Brexit

What Have We Learned So Far?

Published in: Survival, v. 58, no. 5, Oct.-Nov. 2016, p. 59-67

Posted on RAND.org on September 26, 2016

by Sophia Besch, James Black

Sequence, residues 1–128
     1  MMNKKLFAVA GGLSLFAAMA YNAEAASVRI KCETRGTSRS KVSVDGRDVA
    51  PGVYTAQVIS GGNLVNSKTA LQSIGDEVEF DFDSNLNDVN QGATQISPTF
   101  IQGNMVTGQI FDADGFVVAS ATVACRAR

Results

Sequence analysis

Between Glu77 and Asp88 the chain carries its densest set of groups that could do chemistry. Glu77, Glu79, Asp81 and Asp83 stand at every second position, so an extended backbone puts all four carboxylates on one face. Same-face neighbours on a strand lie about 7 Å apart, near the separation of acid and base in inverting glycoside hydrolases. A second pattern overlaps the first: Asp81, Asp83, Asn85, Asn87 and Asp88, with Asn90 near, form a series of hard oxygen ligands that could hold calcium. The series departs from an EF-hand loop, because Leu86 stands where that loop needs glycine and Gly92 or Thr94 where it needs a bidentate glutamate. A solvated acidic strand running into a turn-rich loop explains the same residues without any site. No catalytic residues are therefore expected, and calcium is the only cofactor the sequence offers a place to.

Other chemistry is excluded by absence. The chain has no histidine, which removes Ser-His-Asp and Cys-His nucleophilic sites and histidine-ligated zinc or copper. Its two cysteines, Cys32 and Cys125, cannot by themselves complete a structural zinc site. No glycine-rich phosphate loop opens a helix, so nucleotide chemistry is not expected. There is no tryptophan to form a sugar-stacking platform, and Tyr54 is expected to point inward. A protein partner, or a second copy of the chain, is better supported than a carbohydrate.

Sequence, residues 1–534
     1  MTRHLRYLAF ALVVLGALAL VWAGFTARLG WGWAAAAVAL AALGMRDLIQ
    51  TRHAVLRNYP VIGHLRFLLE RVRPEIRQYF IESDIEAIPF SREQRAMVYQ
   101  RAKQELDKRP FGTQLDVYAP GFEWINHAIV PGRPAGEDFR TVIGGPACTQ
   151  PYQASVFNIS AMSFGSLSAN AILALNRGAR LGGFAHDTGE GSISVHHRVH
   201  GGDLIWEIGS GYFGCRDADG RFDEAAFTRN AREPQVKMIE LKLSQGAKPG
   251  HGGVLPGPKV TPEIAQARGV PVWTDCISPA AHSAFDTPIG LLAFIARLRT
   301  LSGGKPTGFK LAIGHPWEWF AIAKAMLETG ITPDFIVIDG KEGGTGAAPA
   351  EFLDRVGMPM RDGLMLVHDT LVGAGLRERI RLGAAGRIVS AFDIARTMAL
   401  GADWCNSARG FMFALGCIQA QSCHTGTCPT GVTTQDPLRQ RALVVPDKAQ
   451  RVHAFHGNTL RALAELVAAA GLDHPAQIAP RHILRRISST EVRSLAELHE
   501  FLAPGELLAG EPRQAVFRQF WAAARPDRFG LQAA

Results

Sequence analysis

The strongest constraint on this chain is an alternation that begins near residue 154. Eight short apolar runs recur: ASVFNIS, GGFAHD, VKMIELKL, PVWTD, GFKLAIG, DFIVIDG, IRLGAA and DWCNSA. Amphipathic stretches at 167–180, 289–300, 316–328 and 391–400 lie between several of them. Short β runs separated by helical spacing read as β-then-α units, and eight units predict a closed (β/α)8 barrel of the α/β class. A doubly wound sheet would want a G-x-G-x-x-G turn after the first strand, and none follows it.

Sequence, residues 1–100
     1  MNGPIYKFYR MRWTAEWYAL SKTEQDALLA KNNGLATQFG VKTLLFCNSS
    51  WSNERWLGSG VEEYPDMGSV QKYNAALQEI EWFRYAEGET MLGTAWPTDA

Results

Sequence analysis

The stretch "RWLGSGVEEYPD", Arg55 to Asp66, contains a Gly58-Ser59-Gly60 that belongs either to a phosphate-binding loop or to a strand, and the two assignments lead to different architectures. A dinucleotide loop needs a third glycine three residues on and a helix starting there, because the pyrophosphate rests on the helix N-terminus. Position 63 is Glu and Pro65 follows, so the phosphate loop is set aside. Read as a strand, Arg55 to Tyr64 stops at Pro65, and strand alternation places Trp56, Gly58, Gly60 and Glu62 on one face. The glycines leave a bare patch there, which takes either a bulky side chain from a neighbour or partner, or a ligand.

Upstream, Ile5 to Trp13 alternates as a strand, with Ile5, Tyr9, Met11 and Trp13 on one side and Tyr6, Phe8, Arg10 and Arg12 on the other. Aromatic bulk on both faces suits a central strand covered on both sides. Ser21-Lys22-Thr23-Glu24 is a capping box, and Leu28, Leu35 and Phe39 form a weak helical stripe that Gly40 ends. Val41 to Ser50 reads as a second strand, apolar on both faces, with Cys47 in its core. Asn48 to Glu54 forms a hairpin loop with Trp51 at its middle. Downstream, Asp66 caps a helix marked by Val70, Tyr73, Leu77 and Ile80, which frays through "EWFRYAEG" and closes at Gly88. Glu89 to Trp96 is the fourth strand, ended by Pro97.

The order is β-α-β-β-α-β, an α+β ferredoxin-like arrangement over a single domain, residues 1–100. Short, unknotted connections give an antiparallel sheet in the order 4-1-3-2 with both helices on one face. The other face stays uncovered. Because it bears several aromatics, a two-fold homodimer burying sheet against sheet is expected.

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For Europe and for the United Kingdom, the Brexit vote was only the beginning of a long and complex process. On 23 June 2016, the British electorate defied the expectations of political leaders, financial markets and foreign allies by voting to withdraw from the European Union. Political shock and market upheaval followed. Theresa May replaced David Cameron as prime minister, the opposition Labour party began a leadership contest and the future status of those areas of the United Kingdom (Scotland, Northern Ireland, London and even Gibraltar) that voted to 'Remain' was thrown into doubt. The 'Leave' campaign hailed its 51.9% share of the vote as the declaration of Britain's 'Independence Day.' Other commentators drew a different revolutionary parallel. For the Irish Times and National Review, Brexit was 'the world turned upside down' — the tune (perhaps apocryphally) played by disbelieving British troops as they marched out of Yorktown in 1781 after surrendering to George Washington. This cast Brexit as a historic and inglorious retreat, leaving Britain's role and influence on a continent uncertain, perhaps permanently diminished. Several major questions about the consequences of Brexit cannot yet be answered: What is the future of the UK economy? How will any deal with the EU navigate Parliament? Will there be a second referendum, or a general election? Will other countries follow the Brexit example? Nonetheless, events since June have shed some light on the issues that will shape the answers to these questions in the years to come.

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